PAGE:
Updated: May 11, 2021
As we push towards our product launch, we want to give our growing team a platform to discuss their experiences with mindfulness and mental health. This blog edition was written by Rabi, our new marketing executive. It is the first part of a few pieces of content we are rolling out for National Mental Health Awareness Week #mentalhealthawarenessweek
"My biggest realisation as an adult was learning that my childhood obsession with success was the foundation to which I developed a strong anxiety complex as a young adult. Growing up in a home that placed a lot of value on academic progress, I was nurtured to want to reach the highest percentile. I was, and still am, very motivated, but there was a fine line that I began to cross. I have always been a conscientious person, always wary of making the right choices in a way that I hoped would not impact others negatively. In hindsight, it makes sense that I developed a worrisome personality. It became especially cumbersome after I moved out on my own for university in a new city, not knowing anyone and on an intensive academic program.
Fortunately for me, this all took place during the social media renaissance in 2018, where important conversations were being made surrounding the stigma on mental health, particularly for men. More and more resources were becoming easily accessible, and online communities were being formed; I was able to find the right support groups which gave me a lot of important advice on managing my own mental health. That is where I really came across the concept of mindfulness.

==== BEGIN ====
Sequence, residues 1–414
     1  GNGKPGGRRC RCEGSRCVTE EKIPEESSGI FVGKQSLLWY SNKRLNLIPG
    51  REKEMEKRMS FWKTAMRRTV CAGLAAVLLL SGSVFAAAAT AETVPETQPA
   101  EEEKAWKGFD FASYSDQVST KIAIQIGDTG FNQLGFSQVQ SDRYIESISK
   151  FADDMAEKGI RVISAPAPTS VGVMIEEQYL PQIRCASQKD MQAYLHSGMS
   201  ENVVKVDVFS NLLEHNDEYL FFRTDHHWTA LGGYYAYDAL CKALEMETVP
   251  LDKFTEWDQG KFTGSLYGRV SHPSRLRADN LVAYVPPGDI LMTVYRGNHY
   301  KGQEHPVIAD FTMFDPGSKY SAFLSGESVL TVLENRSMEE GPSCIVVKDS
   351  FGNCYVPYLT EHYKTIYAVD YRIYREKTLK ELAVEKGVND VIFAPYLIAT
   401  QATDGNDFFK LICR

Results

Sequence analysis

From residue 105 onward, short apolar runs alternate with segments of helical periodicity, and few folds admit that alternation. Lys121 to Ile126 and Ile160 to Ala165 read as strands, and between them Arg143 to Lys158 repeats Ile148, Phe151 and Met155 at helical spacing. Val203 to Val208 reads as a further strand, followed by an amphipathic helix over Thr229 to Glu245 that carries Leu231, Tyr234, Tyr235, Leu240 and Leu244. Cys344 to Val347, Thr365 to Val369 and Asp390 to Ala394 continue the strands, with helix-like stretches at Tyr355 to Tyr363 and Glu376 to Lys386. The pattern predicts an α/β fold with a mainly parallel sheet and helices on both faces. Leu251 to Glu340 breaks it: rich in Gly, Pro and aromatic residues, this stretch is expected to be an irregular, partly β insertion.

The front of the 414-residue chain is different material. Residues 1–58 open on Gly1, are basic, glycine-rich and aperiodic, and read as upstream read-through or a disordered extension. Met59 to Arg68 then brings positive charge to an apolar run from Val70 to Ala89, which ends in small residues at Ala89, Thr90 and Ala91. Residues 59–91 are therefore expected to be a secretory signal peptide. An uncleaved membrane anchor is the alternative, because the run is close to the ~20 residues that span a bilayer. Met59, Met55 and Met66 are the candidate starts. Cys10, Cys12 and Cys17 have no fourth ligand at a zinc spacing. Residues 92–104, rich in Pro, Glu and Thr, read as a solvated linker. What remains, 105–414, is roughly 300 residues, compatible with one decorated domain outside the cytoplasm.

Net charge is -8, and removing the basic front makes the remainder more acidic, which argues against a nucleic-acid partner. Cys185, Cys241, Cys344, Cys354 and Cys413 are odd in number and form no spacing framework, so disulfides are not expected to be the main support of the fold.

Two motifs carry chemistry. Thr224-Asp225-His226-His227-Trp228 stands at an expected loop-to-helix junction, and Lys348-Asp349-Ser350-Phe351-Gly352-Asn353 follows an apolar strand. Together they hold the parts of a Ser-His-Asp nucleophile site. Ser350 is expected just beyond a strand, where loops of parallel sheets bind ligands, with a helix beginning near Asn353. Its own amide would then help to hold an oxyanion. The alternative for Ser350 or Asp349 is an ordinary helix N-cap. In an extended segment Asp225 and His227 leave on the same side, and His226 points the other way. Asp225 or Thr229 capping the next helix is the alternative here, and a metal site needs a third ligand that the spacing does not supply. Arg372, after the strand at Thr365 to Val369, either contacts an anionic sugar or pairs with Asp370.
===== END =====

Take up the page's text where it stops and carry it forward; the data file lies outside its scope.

I was fascinated to learn there was a sub-genre of psychology focused solely on being presently aware of my senses and feelings, without interpretation or judgment. I was firstly exposed to meditation, which involved setting some time to sit, perform breathing exercises and observe. As someone with short attention span and lots of energy, I found it difficult to practice mindfulness at first.
After further practice, I found that walking meditation was a better alternative for me. What is important is that you recognise its not one size fits all and find what works best for you. Moreover, it is a skill, that over time helps develop discipline.
Making mindfulness a habitual part of my day has helped me to overcome and tune out a lot of pre-existing negativity, and focus on more on the positive aspects of my life. It's amazing how 5-10 dedicated minutes every day can lead to so much personal growth.
This is what excites me coming into the office every week. I'm a new team member at Stix, where I am being given a lot of freedom to share marketing ideas and implement them. Being part of a small team and participating in the development of a product that aims to give children access to develop mental health coping mechanisms early on."